There always seem to be a lot of strong opinions and emotions about BDC’s in a dealership. I think part of problem is that there are so many different opinions or definitions of what a BDC is supposed to do. It’s not that many years ago that the idea of an F&I department was pretty crazy. However, if you ask anyone today what an F&I Department is or what an F&I Manager does, I don’t think we’ll get too many disagreements. I have come to my own conclusion that in my BDC we pretty much pick up all the stuff that we have been fighting the Sales and Service staff to do since the beginning of time. In my experience, most salespeople do a poor job of following up on their customers. We take the heavy lifting away from them (the most important calls) and give it to professionals whose job it is to handle these calls. We handle all inbound calls to the dealerships. We support the ISM’s by completing all the follow up on the leads (customers) that have not yet engaged with us beyond the first lead. This means fewer ISM’s handling more customers while at the same time it’s fewer tasks. They’re only working with the people that are talking with us. Remember, the BDC staff are making the 15 phone calls and sending the 12 emails it sometimes takes to get the customer to engage. Once they engage with us they go for the appointment or T/O to the ISM in the room if needed. It doesn’t take a Salesperson to dial a phone, my 16 year old daughter can dial the phone, trust me. Service advisors are setup to fail. They have a customer in front of them and the phone rings. No matter what they do they lose. We take the phone away from the SA’s and redirect them into the BDC. The call is answered in 3 rings and the person answering the phone can schedule the appointment, let them know if the car is ready and dispatch the courtesy van. Imagine calling the dealership service department and never going to hold or voicemail. What will that do for your CSI? We also handle the SOP’s and We-Owes. This is what I call “picking up the loose change”. This is the easy money. Now comes the fun part, “Business Development”. Business Development includes working our sales and service customer database, working with vendors to maximize our yield on third party ventures. We are currently working with 2 vendors (one of them with a virtual BDC) to help them come up with a different business model so we can continue to use parts of the product offering they have. They have both come up with some very creative ideas that work for us and provide them with a new product they can offer to other clients that are not in our DMA. This is a high level description of what we are doing. The fun is in the details. I’m not interested in debating the existence of a BDC but would love to continue discussing best practices, ideas, hurdles, processes, procedures and failures.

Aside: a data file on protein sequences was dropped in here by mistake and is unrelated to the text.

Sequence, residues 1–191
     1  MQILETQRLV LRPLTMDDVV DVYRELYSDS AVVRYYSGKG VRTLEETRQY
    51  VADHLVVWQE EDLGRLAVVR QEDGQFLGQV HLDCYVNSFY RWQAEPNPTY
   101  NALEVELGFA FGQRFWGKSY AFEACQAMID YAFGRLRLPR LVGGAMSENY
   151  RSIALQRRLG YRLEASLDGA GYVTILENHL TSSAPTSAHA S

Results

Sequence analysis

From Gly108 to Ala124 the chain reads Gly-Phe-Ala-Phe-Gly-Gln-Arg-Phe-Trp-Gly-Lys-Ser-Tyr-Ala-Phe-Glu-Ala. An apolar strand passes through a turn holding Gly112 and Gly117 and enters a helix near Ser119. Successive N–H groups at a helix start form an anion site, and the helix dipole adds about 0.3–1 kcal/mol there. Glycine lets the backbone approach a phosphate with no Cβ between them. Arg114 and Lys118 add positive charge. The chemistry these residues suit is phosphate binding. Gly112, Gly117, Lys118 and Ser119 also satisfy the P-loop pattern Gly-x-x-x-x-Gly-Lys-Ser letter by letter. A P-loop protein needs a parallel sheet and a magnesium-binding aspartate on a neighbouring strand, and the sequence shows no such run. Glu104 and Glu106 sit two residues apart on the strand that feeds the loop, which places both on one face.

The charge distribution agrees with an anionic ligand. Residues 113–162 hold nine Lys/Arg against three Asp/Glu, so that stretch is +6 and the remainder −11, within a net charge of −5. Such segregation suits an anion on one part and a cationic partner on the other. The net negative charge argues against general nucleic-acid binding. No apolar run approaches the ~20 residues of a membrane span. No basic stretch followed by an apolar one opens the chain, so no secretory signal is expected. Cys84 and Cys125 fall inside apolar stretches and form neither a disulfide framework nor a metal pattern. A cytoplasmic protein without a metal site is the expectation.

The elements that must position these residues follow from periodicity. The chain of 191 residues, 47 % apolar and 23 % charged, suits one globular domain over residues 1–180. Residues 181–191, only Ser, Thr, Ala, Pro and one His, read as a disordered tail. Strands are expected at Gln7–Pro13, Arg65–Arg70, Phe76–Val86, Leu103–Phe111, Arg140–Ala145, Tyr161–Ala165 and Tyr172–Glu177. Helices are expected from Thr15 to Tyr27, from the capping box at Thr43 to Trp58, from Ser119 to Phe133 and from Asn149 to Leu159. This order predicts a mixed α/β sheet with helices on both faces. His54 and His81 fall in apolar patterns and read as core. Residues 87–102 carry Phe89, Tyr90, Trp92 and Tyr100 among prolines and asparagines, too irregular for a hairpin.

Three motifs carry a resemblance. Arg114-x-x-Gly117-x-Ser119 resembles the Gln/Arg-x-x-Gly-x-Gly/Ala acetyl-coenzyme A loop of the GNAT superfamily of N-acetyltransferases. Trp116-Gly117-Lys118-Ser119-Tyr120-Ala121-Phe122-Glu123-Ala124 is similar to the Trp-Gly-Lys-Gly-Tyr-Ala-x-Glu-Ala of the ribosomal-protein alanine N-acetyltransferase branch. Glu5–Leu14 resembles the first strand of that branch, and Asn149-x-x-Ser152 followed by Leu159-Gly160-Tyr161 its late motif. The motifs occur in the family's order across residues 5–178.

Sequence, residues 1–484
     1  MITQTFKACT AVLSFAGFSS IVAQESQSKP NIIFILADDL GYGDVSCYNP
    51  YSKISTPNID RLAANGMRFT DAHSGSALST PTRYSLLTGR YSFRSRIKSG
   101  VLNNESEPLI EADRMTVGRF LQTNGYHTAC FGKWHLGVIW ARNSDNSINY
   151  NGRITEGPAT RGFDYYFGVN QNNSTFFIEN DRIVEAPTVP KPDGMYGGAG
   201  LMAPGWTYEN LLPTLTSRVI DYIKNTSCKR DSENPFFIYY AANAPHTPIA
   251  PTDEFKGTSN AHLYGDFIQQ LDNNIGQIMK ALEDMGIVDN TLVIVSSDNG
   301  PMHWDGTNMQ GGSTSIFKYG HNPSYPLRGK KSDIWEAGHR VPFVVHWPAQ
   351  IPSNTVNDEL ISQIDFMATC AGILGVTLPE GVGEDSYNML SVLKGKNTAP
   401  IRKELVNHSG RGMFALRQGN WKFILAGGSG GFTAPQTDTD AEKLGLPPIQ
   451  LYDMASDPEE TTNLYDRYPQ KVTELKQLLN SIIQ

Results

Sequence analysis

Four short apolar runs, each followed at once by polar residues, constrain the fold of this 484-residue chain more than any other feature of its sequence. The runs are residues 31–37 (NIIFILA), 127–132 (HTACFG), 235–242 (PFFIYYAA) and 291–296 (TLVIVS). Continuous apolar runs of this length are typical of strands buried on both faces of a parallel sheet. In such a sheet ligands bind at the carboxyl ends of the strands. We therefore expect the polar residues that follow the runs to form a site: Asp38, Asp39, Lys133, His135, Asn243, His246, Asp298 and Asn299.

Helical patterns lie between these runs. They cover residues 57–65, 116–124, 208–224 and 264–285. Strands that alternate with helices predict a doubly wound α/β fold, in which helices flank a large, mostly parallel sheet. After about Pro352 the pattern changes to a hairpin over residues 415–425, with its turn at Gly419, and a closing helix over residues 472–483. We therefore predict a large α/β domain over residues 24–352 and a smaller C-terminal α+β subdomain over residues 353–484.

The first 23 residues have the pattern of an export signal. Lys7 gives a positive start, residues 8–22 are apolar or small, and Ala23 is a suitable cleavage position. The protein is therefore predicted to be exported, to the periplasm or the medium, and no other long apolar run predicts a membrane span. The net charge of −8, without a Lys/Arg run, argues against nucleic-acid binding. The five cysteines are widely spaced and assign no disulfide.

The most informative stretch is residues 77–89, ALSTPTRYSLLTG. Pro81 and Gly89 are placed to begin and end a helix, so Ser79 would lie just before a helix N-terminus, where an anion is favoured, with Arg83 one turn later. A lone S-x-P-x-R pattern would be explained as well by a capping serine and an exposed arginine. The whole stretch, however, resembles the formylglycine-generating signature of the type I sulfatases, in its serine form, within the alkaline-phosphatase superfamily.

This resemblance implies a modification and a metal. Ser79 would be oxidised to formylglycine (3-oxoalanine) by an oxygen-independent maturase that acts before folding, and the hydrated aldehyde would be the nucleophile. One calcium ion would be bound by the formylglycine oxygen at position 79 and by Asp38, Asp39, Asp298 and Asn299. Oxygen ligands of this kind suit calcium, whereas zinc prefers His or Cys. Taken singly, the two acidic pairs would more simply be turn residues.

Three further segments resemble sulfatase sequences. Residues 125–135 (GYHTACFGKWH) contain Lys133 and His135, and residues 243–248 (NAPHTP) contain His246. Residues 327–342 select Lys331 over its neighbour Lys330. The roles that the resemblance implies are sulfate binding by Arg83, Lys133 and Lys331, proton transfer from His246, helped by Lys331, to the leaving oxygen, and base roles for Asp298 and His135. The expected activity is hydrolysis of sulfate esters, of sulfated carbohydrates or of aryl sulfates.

Robert Wolf
It looks like your dealership is fully committed to a BDC. I don't think that is a problem. For big dealers I think this is an effecient viable option. If it is well managed, effecient, and you have a system for getting leads to the appropriate departments. However, I think if dealers commmitted this same effort at training there own staff first, we may have never needed a "BDC." There certainly is many ways to skin a cat. I think the idea of outsourcing a BDC is borderline insane. It sounds like your dealership has a plan. I see to many dealers go back and forth and never comitt to anything. I think this is really the problem.